I can remember the days when I used to think – volunteering, if only I had the time for that. I think most of us can agree that as a university student, it’s sometimes difficult to find the time to think about anything other than schoolwork. But as a university student that has a part-time job, is actively involved in extracurriculars, has a social life, and maintains a fairly impressive grade point average, I’ve come to realize that there’s always time – what really matters is how we use it. I have to admit that I’m fairly disappointed in how long it took me to realize the many ways that volunteering for a cause you really love can enrich your life in so many ways, so learn from my mistakes and open yourself up to this wonderful experience. Here’s how:
Step One: Evaluate Your Passion: This sounds simple enough, right? I mean most people have a good idea of the causes they’re passionate about. But while this may be true, you need to feel passionate enough to work for free (and it’s not always easy work either!). Volunteering should, for the most part, not feel like work; and you should enjoy the hours spent in your position.
Step Two: Be Honest About Your Skills: Everyone has a breaking point, and despite the fact that there are a lot of wonderful organizations out there that strive to make the world a better place, these organizations often encounter some scary situations. For instance, the Ronald McDonald house is an awesome org in Hamilton that offers housing for families with terminally-ill children. But as much as I appreciate what this place does, I know I don’t have the emotional capacity to oversee what goes on there. So while it’s important to figure out your strengths are, such as writing, public speaking, entertaining, cooking, etc. it’s also important to figure out what you can’t handle. Volunteering is already a therapeutic experience, there are many times when I’m almost brought to tears in my position at the SPCA, but remember you’re there for a job – so emotions can’t always get in the way.
Step Three: What Do You Want to Gain?: Consider what you want to gain from volunteering (this is when you’re allowed to be selfish). Do you want to…. build your resume? Educate the community? Fill a missing void in your heart? My decision to accept a position in the Development department at the SPCA came from a desire to gain all 3 of these things. I knew volunteering was a good way to refine my skills, but I’m also well aware of the wonderful benefits that come from being a pet owner. And at the same time, I was missing my family’s dog that lives back with my parents. Your volunteer position doesn’t necessarily have to relate to your major (though this is extremely helpful); decide what kind of fulfillment you want from your position.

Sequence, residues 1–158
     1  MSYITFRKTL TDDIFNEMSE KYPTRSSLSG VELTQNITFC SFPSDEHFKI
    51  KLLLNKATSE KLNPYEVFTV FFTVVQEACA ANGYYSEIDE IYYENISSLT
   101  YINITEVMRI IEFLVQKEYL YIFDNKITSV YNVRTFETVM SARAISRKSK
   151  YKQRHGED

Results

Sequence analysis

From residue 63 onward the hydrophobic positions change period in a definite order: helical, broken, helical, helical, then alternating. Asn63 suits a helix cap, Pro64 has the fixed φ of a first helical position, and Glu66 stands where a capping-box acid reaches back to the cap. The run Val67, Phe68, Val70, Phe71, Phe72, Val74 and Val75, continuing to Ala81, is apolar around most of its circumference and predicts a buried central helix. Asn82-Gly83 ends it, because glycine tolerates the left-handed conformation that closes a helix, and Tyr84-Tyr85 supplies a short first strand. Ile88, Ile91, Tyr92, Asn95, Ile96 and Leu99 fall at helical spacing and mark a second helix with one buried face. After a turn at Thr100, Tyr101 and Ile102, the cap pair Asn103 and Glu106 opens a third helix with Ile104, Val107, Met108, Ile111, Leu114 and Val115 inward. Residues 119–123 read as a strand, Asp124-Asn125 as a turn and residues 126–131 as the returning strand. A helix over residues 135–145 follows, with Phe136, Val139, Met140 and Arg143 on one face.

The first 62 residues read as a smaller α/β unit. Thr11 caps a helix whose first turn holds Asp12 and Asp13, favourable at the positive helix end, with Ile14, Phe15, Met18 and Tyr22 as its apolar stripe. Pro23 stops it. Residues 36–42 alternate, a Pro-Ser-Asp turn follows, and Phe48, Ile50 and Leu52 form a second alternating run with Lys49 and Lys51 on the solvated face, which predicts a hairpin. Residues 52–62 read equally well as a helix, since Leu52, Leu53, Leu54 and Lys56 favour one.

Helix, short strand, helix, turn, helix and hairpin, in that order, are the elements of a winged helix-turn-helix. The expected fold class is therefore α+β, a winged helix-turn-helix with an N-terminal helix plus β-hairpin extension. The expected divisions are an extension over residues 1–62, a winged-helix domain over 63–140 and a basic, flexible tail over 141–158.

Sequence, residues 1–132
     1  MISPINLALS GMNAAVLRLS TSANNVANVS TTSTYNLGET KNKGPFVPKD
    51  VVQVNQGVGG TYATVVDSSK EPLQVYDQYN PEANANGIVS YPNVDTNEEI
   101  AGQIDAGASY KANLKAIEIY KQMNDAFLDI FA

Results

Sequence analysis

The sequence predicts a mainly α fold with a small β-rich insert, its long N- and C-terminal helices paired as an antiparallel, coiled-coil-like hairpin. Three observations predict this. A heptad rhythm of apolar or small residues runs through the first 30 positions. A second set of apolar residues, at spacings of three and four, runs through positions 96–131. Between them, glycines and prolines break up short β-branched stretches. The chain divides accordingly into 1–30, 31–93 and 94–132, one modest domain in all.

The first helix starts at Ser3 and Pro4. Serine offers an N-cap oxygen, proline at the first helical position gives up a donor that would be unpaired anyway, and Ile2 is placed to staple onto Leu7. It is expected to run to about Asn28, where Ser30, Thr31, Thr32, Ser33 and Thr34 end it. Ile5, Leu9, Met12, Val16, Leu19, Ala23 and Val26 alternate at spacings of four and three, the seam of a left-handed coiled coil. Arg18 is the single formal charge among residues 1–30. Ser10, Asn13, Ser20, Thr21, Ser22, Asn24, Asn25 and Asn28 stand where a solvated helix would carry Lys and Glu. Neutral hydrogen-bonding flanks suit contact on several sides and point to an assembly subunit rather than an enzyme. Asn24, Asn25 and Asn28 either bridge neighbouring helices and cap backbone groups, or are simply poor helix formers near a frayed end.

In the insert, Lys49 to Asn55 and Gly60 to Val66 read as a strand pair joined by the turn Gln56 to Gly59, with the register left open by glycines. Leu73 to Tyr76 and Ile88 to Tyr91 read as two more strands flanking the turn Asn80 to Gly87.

Step Four: Be Generous with your Time: Whenever my schedule is jam-packed and slightly overwhelming, I do this thing where I look for even more stuff to put on my plate (it’s a serious problem). One day I spontaneously decided to send my resume to the SPCA, and the next day the volunteer coordinator was asking me to come in to chat about opportunities. It would have been so easy for me to shrug it off and decide to get to it “in a few weeks” “when I have more time”, but seriously, don’t do that. There are going to be so many days when you feel too tired to go in, or when your homework seems to be piling up; but you’ll forget all about these so-called ‘problems’ once you get there anyways. If you’re still not convinced that you have the time to commit to such a thing – read up on my time management tips to see that you do.
Step Five: Grow: Whether your volunteer experience stems into an unexpected career path, you perfect a new skill, you make a new friend, or any other magical thing that may happen in your position; you’re experiencing personal growth. Many organizations are happy to give more duties to volunteers that are eager to learn or do more, so don’t be afraid to become more in love and involved in your organization as time goes on. And don’t forget to share your experiences with others, so they may feel inspired to do the same.